Freelancers and entrepreneurs require an additional freelance tax number (Steuernummer) to record and monitor their VAT liability. This number will be provided when you register your company.

Deductibles and tax relief

Germany offers plenty of ways to save on your income tax bill. For example, the first €11,604 (or €23,208 for joint tax returns) is tax-free.

Other available tax deductions (Steuerlich absetzen) include advertising expenses (Werbungskosten), working expenses (Betriebskosten), special expenses (Sonderausgaben), and extraordinary expenses (außergewöhnliche Belastungen).

Advertising and working expenses are income-related business costs, such as commute/travel expenses, home office work equipment, training courses, and work clothes. Landlords may also deduct expenditures they incurred on their rental home (e.g., maintenance costs). These deductions are capped at €1,230 a year.

The German tax authorities allow you to deduct up to €13,805 in special expenses, for example:

  • Various insurance premiums and social security contributions
  • Private pension schemes
  • Alimony payments to ex-partners
  • Child-related costs: up to €5,000 per child per year
  • Costs for your or your partner’s vocational training
  • Initial educational expenses (Erstausbildung), such as tuition fees: up to €6,000 per year
  • Church or worship tax
  • Charitable donations: up to 20% of your gross income
Father is laughing on controllably while carrying his young daughter on his shoulders through the house. She looks very happy and content.
Photo: Maskot/Getty Images

Depending on your situation, you may also deduct up to €11,604 in extraordinary expenses. These are mandatory costs you incurred for legal, moral, or factual reasons and which could not have been avoided. For example:

  • Medical expenditure (Krankheitskosten), including the cost of an outpatient caregiver and travel costs to see the doctor or pharmacy
  • Education allowance of an adult child (additional requirements apply)
  • Funeral costs that cannot be covered by the inheritance or other compensation
  • Replacement costs (e.g., expenses you incurred due to a fire or flood)

If you had any losses (Verluste) or debts during the year, you can carry them forward to subsequent years and deduct them without limitation, up to a total income of €1 million. The deduction of losses that exceed this amount is restricted: the excess can be deducted up to 60% of the total earnings.

Tax allowances for self-employed income

In Germany, freelancers and self-employed entrepreneurs can benefit from the same tax allowances as other workers, including the deduction of income-related business costs.

In addition, they may offset an extra €2,800 for any health insurance-related costs.

How do I pay or get a refund of my income tax?

The final assessment from the central tax office will be sent two to six months after you submit your return. 

If you owe any income tax, you must pay it within one month of receiving the definitive assessment. You can also pay in quarterly installments, due in March, June, September, and December. The most common form of payment is direct debit; however, you can also pay by bank transfer or check (cheque).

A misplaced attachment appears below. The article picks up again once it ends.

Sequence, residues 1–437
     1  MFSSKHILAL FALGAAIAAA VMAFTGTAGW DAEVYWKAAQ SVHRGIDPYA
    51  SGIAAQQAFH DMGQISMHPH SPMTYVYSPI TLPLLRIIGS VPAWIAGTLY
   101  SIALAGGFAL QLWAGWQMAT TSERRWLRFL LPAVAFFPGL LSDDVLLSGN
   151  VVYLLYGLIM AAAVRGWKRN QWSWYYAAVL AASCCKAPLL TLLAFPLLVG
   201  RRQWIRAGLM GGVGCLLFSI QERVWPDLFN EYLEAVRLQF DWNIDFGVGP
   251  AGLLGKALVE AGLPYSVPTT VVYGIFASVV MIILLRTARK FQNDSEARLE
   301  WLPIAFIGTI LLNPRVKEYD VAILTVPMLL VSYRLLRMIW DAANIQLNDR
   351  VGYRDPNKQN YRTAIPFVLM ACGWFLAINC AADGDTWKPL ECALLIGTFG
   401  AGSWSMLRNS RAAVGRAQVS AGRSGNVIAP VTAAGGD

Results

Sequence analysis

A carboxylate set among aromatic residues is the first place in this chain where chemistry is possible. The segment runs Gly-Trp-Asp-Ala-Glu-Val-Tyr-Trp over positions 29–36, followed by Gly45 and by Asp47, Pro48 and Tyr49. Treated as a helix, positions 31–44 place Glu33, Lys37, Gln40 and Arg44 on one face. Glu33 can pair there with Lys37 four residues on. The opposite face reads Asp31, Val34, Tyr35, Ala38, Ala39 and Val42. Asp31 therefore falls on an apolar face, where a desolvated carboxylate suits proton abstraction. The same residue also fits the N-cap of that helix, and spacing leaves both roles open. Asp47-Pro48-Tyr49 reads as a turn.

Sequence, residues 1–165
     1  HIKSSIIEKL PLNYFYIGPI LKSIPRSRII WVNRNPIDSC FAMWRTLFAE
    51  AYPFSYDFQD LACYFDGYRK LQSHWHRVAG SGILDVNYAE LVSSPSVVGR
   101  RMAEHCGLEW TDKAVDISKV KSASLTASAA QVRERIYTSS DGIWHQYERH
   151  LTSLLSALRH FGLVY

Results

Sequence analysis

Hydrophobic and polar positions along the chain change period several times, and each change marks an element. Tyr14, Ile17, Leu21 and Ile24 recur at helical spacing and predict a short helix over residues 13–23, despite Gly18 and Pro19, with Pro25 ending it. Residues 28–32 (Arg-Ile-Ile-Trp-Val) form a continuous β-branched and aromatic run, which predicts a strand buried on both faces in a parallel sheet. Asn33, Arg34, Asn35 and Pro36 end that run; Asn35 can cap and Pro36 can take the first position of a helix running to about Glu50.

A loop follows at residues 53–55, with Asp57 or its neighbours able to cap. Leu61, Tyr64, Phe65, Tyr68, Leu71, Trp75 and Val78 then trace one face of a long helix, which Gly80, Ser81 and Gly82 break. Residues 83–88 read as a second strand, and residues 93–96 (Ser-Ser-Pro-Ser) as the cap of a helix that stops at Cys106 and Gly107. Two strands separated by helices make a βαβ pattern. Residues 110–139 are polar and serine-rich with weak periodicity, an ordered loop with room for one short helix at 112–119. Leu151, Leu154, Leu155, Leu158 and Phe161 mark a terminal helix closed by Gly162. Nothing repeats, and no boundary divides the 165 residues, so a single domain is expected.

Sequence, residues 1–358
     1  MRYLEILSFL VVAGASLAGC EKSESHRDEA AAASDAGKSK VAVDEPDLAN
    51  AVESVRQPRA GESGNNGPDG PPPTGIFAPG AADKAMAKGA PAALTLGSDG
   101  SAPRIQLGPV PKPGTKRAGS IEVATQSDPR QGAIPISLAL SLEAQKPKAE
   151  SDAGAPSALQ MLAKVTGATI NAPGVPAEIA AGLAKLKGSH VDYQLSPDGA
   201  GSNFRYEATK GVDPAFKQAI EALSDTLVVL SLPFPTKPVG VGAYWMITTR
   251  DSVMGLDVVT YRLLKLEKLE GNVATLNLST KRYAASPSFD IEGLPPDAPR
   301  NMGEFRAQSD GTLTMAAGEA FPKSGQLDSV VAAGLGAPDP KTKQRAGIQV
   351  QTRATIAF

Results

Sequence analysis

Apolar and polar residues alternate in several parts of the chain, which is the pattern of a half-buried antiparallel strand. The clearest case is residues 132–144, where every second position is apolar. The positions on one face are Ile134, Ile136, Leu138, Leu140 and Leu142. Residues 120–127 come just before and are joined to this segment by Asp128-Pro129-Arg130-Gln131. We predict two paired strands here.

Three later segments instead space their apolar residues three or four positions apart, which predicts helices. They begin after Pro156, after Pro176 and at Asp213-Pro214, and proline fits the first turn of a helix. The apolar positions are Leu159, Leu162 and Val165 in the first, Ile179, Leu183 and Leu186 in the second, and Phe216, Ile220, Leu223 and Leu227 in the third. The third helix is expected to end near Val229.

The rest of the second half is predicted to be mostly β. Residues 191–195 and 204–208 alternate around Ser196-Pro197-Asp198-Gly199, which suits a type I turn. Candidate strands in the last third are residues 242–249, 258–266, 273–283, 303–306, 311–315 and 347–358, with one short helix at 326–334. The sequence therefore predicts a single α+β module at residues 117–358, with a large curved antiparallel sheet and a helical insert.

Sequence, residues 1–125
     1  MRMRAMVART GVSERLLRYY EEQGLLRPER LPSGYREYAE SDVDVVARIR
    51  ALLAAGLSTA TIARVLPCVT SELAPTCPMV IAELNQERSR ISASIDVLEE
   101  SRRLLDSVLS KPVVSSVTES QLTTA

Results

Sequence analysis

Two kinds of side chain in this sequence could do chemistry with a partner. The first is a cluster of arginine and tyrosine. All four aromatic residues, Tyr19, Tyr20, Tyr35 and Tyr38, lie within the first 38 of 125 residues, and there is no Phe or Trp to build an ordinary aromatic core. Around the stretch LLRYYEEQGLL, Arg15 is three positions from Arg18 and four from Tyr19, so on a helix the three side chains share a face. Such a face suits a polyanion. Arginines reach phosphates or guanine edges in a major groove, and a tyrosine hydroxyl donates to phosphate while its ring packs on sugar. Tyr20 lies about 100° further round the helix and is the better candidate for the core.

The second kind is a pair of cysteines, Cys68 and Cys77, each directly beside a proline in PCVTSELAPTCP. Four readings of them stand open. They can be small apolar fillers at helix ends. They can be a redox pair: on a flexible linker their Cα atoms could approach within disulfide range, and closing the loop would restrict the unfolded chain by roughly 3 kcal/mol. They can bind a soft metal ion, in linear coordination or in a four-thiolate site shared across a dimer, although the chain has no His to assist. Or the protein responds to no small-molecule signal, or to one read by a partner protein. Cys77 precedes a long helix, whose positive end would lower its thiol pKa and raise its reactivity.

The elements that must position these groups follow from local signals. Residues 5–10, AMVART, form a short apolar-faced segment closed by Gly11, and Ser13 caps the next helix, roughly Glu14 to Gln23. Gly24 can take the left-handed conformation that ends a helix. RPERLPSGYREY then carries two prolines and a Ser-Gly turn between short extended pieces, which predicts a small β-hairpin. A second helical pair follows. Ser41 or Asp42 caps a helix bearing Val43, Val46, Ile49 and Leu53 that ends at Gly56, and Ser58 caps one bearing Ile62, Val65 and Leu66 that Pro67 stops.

Local tax office exterior in Düsseldorf, Germany.
Local tax office in Düsseldorf, Germany (Photo: Dreamstime5752/Dreamstime)

If you’re getting a tax refund, your rebate will be directly deposited in your bank account.

What if I don’t pay my taxes on time or at all?

If you cannot file your return or pay your taxes on time, you should get in touch with the tax office as soon as possible. In many situations, they can offer you an extension of the deadline and help organize a payment plan.

Depending on your (in)action, Germany’s tax fines and penalties include:

  • Individuals filing their taxes late are fined 0.25% of the amount owed
  • Companies filing their corporate tax return late face a fine of up to 10% of the tax due (up to a maximum of €25,000)
  • Late payments incur a penalty of 1% of the amount owed each month

Deliberately withholding information from or providing incorrect information to the authorities can be classed as tax avoidance. This crime is punishable by hefty fines or imprisonment (up to five years). The most severe cases can even lead to up to 10 years in prison.

Income tax advice in Germany

Doing your taxes in Germany can be challenging, especially if you’re still new to the system. While this article provides a general overview, you should always get professional advice from a financial expert regarding your individual tax situation.

Fortunately, Germany has many tax accountants who offer expat-friendly, English-speaking services, including:

If you’re a freelancer or business owner, you can also use an online platform like Finom to manage your corporate taxes. Similarly, trade bodies such as the International Federation of Accountants can help you find a tax advisor in Germany.

Useful resources